At imaginary garden with real toads, today, we are presented with the quote below and issued the challenge of selecting up to 13 words from it to use in a poem of our own which involves metaphor.

I am taking every 13th word from the Setterfield passage to use as the first words of each line of my poem, in which, arguably, sled and sleigh metaphorically represent technology, and the river may be divine providence, may be the bounty of greater nature, may be the course of a human lifespan.

People disappear when they die. Their voice, their laughter, the warmth of their breath. Their flesh. Eventually their bones. All living memory of them ceases. This is both dreadful and natural. Yet for some there is an exception to this annihilation. For in the books they write they continue to exist. We can rediscover them. Their humor, their tone of voice, their moods. Through the written word they can anger you or make you happy. They can comfort you. They can perplex you. They can alter you. All this, even though they are dead. Like flies in amber, like corpses frozen in the ice, that which according to the laws of nature should pass away is, by the miracle of ink on paper, preserved. It is a kind of magic.” ~ Diane Setterfield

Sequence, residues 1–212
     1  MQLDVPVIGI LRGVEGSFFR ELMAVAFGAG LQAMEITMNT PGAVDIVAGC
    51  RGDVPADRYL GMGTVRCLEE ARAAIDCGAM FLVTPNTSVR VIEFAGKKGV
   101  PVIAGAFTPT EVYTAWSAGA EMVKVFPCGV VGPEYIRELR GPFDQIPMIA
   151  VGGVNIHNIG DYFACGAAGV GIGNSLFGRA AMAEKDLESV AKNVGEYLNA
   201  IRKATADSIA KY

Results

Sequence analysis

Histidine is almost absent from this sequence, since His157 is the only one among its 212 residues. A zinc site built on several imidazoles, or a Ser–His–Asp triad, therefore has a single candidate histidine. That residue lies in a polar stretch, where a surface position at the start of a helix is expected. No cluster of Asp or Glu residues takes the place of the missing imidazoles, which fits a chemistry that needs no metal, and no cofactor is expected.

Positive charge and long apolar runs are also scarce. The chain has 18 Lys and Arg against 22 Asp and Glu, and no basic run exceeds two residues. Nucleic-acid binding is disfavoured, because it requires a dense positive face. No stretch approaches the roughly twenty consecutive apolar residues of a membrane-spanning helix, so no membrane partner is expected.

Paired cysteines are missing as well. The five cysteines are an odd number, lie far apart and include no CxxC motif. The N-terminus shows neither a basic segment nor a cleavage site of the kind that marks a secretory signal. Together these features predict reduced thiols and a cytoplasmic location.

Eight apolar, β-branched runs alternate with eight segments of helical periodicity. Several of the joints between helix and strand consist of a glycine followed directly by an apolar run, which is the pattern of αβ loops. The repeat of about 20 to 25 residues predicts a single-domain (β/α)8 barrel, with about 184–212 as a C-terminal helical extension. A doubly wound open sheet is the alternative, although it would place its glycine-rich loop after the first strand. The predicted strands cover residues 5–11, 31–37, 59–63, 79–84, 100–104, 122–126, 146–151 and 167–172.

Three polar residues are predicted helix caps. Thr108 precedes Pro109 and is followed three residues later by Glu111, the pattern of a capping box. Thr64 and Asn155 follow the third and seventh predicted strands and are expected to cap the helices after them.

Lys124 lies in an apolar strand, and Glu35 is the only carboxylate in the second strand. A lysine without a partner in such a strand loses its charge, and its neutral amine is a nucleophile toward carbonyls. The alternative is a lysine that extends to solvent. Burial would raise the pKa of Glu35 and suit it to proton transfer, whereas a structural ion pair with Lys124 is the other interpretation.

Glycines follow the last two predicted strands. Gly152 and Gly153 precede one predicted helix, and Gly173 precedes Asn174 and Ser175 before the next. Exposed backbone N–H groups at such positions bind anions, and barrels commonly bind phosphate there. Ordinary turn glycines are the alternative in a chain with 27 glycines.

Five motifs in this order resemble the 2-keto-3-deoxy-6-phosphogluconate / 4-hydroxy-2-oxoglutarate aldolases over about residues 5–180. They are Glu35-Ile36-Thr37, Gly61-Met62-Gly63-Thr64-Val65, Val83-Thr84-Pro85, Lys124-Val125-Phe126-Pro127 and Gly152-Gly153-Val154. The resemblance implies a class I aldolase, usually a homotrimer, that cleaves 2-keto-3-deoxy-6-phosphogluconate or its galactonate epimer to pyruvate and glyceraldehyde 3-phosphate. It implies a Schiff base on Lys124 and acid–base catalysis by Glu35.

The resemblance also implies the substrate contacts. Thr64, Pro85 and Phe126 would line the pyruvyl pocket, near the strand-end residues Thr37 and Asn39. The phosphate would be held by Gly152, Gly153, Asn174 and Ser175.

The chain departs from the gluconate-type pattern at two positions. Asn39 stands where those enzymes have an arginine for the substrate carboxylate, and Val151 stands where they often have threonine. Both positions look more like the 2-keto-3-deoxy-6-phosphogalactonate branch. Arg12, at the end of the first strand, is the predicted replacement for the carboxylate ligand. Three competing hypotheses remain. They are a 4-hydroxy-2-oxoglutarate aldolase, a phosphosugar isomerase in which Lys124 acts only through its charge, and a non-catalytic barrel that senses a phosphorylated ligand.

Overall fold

their sleds were not sleighs but

this mattered little

to them, for they had never known such luxury as

we have;

the Inuit knew


though, in their furs, flying along a path forged for them by the

ice of the Yukon River as if